The Wednesday editorial at the Chicago Tribune was one of fluff -n- stuff on the issue of teen sex and pregnancy, and included subtle jabs at social conservatives who have warned of a cultural decline as a result of the emphasis in this country on the sexy and superficial (bolded emphasis added by me):
American teenagers are awash in temptation, particularly the kind that involves pleasures of the flesh. They are exposed to racier images on television than ever before. Popular music celebrates carnal passion with unceasing gusto. And the Internet offers an endless array of graphic sexual fare. From watching “Glee” or “Gossip Girl,” you get the idea that high school is just one hookup after another.
This salacious environment is a lot for impressionable youngsters to deal with, but our kids are dealing with it surprisingly well.
So says the federal Centers for Disease Control and Prevention, which reports that when it comes to having babies, adolescents are not only doing better than they used to be, they’re doing better than they’ve ever done since 1946. The birth rate among teenagers fell by 8 percent from 2010 to 2011.
What accounts for the dramatic progress? A combination of less sex and more contraception has played a big part. Since 1991, the proportion of high school students who have ever had sexual intercourse has declined from 82 percent to 60 percent — a drop of more than a quarter. Adolescents are also less likely to have had several partners.
The ones having sex have gotten more careful about the consequences. Among those who have sex, the use of condoms has risen by one-third. Lately, other types of birth control also appear to have gained in popularity as well. Some 14 percent of sexually experienced teen girls have used emergency (plan B) contraceptives. But abortion has gotten less common.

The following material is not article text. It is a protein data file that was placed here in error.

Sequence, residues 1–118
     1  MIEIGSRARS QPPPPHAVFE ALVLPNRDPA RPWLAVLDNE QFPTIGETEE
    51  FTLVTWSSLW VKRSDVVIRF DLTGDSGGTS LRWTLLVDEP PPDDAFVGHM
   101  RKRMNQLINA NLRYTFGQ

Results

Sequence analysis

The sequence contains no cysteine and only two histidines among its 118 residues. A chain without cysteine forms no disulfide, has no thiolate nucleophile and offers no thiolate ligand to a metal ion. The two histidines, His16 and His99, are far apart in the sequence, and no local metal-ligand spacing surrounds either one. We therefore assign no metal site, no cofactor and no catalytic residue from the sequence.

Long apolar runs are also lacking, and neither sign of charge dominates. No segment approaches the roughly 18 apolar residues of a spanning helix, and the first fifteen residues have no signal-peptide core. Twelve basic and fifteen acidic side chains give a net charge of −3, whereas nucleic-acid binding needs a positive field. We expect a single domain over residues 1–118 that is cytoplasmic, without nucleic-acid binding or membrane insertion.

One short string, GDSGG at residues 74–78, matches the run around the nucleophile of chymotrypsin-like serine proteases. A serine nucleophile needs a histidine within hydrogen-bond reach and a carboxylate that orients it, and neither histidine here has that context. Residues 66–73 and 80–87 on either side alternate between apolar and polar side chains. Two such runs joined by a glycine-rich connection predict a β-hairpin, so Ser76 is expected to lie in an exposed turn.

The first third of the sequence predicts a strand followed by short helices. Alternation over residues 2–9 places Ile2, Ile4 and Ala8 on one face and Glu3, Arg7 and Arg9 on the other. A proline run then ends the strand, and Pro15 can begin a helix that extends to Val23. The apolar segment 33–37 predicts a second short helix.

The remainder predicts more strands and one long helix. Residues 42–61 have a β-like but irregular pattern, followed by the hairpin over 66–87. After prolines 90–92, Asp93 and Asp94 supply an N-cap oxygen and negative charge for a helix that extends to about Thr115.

The picture we get is not the raunchy abandon so often depicted in popular culture. It’s one of growing awareness of the downside of sex, more willingness to postpone it, and taking measures to prevent it from causing pregnancy.
Those steps are what parents, teachers and public health professionals have been urging on adolescents for decades now. Surprise: They’ve been listening.
I’m afraid they haven’t been listening, unfortunately, and apparently the Chicago Tribune hasn’t been reading. For all their high praise of the teen pregnancy rate lowering over the last couple of decades – which they attribute to more young people using protection or abstaining from sex, they ignored (deliberately?) key statistics from that same CDC report that render the editorial board’s assertions on the use of “more contraception” a bunch of wishful-thinking bull. From NBC’s Vitals blog:
Just in time for Valentine’s Day, researchers from the U.S. Centers for Disease Control and Prevention issued two new studies of sexually transmitted infections (STIs) today detailing what the lead author of one calls “an ongoing, severe, STI epidemic.”
The studies reveal new infection data, some of it available for the first time, for the eight most common STIs — chlamydia, gonorrhea, syphilis, herpes, human papillomavirus (HPV), hepatitis B, HIV, and trichomoniasis. The studies, which estimate infection rates and medical costs related to STIs, were published in the journal Sexually Transmitted Diseases.
Both are startling. In 2008, there were 20 million new incidents of infection in the United States, and a prevalence (new infections plus ongoing infection) of 110 million, according to CDC estimates. (Because one person may have more than one infection, the 110 million figure does not mean 110 million people have a sexually transmitted disease.) As a result, the United States incurred estimated direct medical costs of nearly $16 billion.
Previous such estimates, for years 1996 and 2000, estimated approximately 15 million and 18.9 million new incidents respectively, though these reports used somewhat different data sources and methodology so the CDC cautions against making direct comparisons. According to the Henry J. Kaiser Family Foundation, the American Social Health Association, and the CDC, the U.S. has the highest rate of STIs in the industrialized world.